Watch out for Spain's super strict expenses policies
We like to think one of the advantages of living in Spain is the laid back approach to life and the relatively unobtrusive State, but things are tightening up and there are traps for the unwary. ¬†As an example of the tougher, more regulated climate think back ten years ago to what it was like in Spain:
- you could speed on the motorways with a fair degree of confidence that there were no speed cameras. ¬†Now there are and the system of traffic penalties is rigorously enforced.
- you could buy a house for cash without a NIE number
- you could smoke where you liked including banks and government buildings, whereas now Spain has one of the strictest anti-smoking laws in Europe
Most of the changes are for the better. ¬†I can't say I hanker after the days when every time you entered an office you had smoke blown in your face or when drink driving was considered somehow acceptable because you were abroad. ¬†But back to the point of this article - the Spanish tax authorities are much less generous when it comes to allowable business expenses than other countries, including the UK. ¬†In fact it is one area where they are too strict and the consequences can be severe if you fall foul of the rules.
And that is part of the problem - there are no definitive or specific rules on what is and what is not acceptable to claim against business income, whether that be as a company, partnership or self employed. ¬†There are three general rules which are firmly enforced with little or no leeway. ¬†To be deductible for tax purposes expenses must be:
- wholly business-related
- substantiated by invoices
- accounted for
The last one is pretty easy to do but also to overlook: you are obliged to keep proper accounting records as a business and have them ready for inspection by the Agencia Tributaria at any time. ¬†If you haven't included the expenses in your accounts then you can't claim them. ¬†If you are subject to a tax inspection and suddenly pull out some invoices to justify the declarations you have made in the periods under inspection that will be no good if they are not included in accounts which tie into the declared amounts.
The documentation / substantiation test is also largely a question of keeping the right paperwork and being diligent, but it can be tricky. ¬†For one thing a lot of suppliers may not want to give you a proper IVA invoice and wish to receive cash in hand or offer only a ticket or "albaran" (goods received note) which will not suffice. ¬†Some expenses or costs of doing business do not come with neat and tidy "VAT invoices" e.g. car hire and flights, goods bought online abroad. ¬†Retail outlets like supermarkets and garages give only till receipts which will not do as they are not proper facturas made out in your name or that of your company. ¬†In mitigation of these difficulties the Agencia Tributaria does allow some¬†small ticket items like parking tickets to be supported by other than facturas. ¬†Also shops and garages can be made to make out a proper factura in your name (with NIE or CIF) - they may resist but they are obliged to on request.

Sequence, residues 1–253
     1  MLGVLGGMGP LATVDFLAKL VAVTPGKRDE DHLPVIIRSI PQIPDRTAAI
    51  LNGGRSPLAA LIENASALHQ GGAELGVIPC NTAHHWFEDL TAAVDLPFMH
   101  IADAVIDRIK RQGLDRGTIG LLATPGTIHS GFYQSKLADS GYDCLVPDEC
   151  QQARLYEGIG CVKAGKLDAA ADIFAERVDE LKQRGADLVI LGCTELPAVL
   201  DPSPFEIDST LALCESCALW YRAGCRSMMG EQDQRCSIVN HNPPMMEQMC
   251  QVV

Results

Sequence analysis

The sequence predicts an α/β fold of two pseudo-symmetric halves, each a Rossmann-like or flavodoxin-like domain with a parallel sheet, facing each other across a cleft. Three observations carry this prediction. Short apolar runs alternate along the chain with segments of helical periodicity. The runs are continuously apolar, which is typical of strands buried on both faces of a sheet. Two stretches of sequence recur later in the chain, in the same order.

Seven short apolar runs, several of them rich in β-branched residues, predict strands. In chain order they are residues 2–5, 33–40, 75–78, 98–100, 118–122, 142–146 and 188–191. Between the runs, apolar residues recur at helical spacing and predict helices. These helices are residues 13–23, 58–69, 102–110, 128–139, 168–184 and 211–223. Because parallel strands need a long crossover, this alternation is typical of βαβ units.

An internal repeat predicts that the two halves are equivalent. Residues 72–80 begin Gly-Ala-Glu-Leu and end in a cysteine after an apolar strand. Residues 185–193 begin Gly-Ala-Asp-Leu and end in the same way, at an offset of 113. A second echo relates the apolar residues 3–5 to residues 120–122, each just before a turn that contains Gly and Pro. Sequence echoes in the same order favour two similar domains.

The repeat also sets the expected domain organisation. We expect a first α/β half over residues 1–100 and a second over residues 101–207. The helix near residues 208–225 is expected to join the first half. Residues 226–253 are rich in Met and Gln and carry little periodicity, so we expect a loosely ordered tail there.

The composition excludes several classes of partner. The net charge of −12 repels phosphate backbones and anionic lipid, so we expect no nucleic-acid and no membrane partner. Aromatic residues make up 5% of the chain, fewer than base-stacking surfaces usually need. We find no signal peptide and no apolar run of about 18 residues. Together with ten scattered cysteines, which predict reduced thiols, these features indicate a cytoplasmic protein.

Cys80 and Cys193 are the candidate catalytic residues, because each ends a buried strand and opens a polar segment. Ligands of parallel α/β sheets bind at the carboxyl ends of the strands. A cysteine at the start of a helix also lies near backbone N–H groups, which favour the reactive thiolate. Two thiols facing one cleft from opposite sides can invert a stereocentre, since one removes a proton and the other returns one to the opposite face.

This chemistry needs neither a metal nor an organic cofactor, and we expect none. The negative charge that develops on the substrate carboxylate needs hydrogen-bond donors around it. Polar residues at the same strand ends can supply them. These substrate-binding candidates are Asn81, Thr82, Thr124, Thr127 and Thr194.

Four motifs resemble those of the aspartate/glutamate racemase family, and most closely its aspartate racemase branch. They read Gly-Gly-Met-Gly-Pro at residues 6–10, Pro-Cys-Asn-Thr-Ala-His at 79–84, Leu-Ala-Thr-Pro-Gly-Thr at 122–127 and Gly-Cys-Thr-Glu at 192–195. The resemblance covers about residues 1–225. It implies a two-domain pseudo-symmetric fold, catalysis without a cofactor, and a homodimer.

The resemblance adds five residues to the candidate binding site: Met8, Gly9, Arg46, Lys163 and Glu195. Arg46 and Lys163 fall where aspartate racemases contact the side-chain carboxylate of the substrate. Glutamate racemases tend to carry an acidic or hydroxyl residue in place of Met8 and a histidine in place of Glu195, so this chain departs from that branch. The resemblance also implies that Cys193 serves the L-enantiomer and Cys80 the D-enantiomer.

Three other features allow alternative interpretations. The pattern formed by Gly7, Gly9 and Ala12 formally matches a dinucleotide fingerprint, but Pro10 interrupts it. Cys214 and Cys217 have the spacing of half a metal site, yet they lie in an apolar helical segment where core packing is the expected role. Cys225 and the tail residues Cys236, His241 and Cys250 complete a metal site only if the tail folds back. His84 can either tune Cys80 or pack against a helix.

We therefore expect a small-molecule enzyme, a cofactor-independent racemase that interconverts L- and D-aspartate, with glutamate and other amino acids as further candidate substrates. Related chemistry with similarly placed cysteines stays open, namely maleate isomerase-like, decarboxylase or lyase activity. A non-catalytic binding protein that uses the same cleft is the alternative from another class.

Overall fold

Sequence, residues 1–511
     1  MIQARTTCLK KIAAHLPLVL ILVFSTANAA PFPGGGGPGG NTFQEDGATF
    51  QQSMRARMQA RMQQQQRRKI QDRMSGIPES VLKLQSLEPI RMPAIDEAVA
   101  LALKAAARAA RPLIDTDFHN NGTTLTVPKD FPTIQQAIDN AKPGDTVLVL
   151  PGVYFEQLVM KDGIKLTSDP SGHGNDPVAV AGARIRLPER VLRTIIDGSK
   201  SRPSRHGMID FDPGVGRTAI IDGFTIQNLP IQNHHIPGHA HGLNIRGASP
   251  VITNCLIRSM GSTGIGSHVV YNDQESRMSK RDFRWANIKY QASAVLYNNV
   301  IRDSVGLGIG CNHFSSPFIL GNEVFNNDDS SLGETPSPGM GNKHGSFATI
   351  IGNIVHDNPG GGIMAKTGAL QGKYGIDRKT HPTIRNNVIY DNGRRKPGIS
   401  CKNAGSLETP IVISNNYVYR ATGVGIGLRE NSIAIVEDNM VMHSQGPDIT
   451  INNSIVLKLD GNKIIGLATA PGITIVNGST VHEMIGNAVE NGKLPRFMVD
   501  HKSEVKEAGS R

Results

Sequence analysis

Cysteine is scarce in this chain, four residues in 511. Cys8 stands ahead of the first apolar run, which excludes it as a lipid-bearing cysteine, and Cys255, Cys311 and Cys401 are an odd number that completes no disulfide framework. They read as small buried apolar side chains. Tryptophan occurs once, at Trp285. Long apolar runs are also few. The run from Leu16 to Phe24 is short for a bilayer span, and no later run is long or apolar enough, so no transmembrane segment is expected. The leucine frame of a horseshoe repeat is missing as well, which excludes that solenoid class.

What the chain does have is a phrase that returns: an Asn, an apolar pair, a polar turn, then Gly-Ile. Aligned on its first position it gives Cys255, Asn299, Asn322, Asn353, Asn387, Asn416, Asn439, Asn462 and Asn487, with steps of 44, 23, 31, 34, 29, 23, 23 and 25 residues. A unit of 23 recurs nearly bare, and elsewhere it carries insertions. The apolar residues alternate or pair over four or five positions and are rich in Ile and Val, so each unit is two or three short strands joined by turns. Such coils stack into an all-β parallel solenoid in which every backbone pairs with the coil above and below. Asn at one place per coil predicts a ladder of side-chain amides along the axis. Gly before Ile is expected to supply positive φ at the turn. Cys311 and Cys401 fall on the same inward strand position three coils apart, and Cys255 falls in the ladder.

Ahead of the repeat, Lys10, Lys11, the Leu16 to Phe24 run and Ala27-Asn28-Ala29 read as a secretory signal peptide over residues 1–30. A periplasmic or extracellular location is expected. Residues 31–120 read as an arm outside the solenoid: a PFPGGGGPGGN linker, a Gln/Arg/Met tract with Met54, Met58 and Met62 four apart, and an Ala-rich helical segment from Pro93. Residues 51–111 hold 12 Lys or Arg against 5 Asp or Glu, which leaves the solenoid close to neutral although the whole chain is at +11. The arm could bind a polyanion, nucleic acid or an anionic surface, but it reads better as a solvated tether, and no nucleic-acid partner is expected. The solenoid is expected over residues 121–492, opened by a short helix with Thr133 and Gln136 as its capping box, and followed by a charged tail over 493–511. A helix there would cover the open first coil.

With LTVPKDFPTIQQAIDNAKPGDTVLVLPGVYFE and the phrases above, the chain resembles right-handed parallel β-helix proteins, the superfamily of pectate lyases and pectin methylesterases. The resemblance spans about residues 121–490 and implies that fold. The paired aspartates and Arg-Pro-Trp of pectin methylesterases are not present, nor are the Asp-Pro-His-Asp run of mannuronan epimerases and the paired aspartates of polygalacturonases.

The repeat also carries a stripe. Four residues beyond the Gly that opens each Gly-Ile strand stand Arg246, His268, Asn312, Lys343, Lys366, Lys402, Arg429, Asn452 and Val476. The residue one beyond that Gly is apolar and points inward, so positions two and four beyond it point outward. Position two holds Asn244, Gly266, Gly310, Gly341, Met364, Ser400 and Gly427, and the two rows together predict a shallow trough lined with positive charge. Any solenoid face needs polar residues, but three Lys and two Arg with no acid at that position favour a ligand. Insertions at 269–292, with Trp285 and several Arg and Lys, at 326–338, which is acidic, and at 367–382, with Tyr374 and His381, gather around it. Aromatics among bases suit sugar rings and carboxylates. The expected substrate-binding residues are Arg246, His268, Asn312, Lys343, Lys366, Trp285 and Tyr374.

In the case of airline tickets you can either order through a travel agent and get an invoice from the agent or try and claim with whatever documentation you can get from the airline who, not being subject to VAT, will not give VAT invoices.
It is really the first general rule that bites the most however. ¬†In the UK and other countries there is an acceptance on the part of the tax authorities that some expenses are for mixed - business and private - purposes, so there can be claims for part of your household bills if you have a home office for example. ¬†In Spain the rule is much stricter and the whole expense must be demonstrably business-related before it can be claimed. ¬†A good example is a car which you use for visiting clients. ¬†If you only have one car then it is assumed that you use it partly for private purposes so the whole expense is not deductible (although if you keep receipts you can claim for petrol used for specific business related journies). ¬†Another example of inflexibility is air travel where even a small element of private use invalidates the whole claim e.g. it would be difficult for a British resident of Spain to claim air travel to the UK for business purposes because it would be assumed - unless it can be proved otherwise - that there is a private motive for the journey.
The "home office" is a common cause of confusion and frustration because of this rule. ¬†Claiming a proportion of your rent because you use part of the house for work is theoretically possible but you had better be able to demonstrate very specifically how a part of the house is exclusively dedicated to your business and could not be used for anything else - a computer and phone in the lounge would not do. ¬†Also you will have to have a VAT invoice for the rent. ¬†Other expenses like water and electricity can only be claimed if you have a separate bill from the utility company for the business (e.g. a separate connection in a converted shed or outhouse).
Consequences of false claims
If you (or your accountant) make expenses claims which are subsequently struck out during a tax inspection, the tax saved then becomes payable together with a penalty. ¬†As a rule of thumb you could end up paying roughly three times as much as the orginal saving.
See also Spanish tax deadlines and IVA (VAT) rates in Spain